The term “poptimism” has been arising in the conversation around music criticism more and more the past few years. Albums like Beyoncé and 1989, which have received similar levels of critical acclaim to more traditionally critic-friendly styles like rock and R&B, have ignited a conversation about the prejudices and social implications of praising such “populist” music. Another effect this movement has had is to blur the lines between indie pop and the mainstream. Whereas bands like Dirty Projectors and Cults were once considered radio-ready, they now sound positively deformed, compared to the glistening synths of bands like CHVRCHES. This transition perfectly encapsulates the growth that Chairlift have undergone with Moth, emerging from their cocoon of fuzz and psychedelia into a colourful pop machine, and they’ve fashioned this new sound into a near-perfect album.
The echoing snare drum that ushers in the chorus of Unfinished Business sounds like something from a Phil Collins song. It’s big, and silly, but Chairlift make it work by executing it to perfection. The sound only plays three times during the song, and instead of being big or showy, it’s mixed in with other drum hits, and it sets the tone of airy transcendence that singer Caroline Polachek fulfills with her stunning vocal performance. This drum hit captures what makes Moth work as well as it does. It’s a remarkably economical album, never a note out of place, every sound rendered with clarity of purpose. The band’s work on Beyoncé has clearly paid dividends here. The percussion, which is the driving force of most of the songs, spins a web of sounds ranging from the grainy and organic, like the skittering beat on No Such Thing, which evokes an extreme close up of an insect walking in dirt, to the ethereal and crystalline, like the muted snare on opener Look Up, which builds from a faintly textured pulsing to a pounding hit inside of two and a half minutes.
Each song has its own distinct set of sounds and personality, with some being muted and subtle (Crying in Public), and some being boisterous and joyous (Ch-Ching). Ch-Ching was already one of the best singles of last year, and it holds up just as well on the album. It’s a marvellously tuneful display of creative songwriting, each hook more inventive than the last, yet also more catchy. The instrumental components are just as fun as the hooks, from the 808 drums, to the horns that chase the vocal melody in the verses. But it’s Polachek’s voice that pulls the song together. Her singing is virtuosic in it’s variety and confidence, and she delivers the entire song with a self aware swagger, that means that even though the chorus is literally just a chanted series of numbers (“27-99-23”, apparently the RGB code for the green of cash), it still feels like she’s singing about the energy of a generation.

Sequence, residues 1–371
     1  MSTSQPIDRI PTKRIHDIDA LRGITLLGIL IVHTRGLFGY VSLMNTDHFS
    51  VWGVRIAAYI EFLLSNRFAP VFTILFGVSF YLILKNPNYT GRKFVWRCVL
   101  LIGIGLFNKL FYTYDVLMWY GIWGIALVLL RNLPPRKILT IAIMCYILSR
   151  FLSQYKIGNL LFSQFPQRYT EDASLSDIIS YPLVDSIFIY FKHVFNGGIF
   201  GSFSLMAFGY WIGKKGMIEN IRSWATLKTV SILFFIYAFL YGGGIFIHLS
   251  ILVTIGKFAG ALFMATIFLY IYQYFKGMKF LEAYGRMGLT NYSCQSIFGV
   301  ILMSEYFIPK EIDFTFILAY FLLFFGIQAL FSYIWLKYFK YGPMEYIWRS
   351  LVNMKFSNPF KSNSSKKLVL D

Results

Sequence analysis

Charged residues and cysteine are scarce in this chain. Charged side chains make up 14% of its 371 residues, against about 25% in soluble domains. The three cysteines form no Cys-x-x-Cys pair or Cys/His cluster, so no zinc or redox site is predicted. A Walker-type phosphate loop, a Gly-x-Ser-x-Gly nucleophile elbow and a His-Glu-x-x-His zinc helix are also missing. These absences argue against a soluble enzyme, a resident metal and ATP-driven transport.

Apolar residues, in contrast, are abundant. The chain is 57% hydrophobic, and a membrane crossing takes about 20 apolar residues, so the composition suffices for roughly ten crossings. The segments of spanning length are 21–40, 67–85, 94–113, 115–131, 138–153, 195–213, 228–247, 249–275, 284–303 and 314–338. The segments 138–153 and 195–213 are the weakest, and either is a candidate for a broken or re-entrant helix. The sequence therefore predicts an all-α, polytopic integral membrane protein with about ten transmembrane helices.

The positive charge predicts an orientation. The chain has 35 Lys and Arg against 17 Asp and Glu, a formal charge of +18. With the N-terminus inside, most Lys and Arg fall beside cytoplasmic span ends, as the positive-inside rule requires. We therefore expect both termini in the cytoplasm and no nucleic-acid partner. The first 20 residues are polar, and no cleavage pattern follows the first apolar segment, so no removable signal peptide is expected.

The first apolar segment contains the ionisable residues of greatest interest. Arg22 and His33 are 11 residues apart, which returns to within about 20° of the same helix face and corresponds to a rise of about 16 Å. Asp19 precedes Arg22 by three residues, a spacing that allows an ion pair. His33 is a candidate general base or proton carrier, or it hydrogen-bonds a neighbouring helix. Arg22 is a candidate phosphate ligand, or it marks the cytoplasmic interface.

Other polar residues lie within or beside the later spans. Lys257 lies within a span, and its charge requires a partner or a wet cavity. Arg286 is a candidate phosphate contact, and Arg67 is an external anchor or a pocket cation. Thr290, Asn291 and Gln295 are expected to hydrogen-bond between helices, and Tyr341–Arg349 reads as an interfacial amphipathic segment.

In interviews, Polachek has stated that she feels the album is inspired by her life in New York, but when listened to in one sitting, it takes on greater meaning, forming a treatise about living life to the fullest and embracing honesty. On Crying in Public, she infuses a song about crying on the train with dignity and tenderness – “but you smile and call me “tough guy” / to the opposite effect”. On Polymorphing she challenges her paramour to clarify their relationship – “if this love was a pulse would you feel it?” – but she sings with such confidence and authority that it never sounds like she’s not in control. Romeo sees her encouraging men to compete for her heart – “if I win, you’re done with / but if you win, you win my heart”. Her tales of life in the city take on an exalted quality when placed to the impossible catchy music, feeling larger than life, and truly inspiring.
Moth is an album where just about every element comes together perfectly. Outside of Ottowa to Osaka stretching about a minute past its optimum running time, there’s not a word or sound out of place. It’s an album that feels pored over, and polished to a shine, yet still remarkably vibrant and alive. Moth is the first Chairlift album that no longer sounds like a sum of influences, but instead simply sounds like Chairlift, pared down to their core. It sets a template for pop-leaning indie acts to follow in the future, and they couldn’t ask for a better one.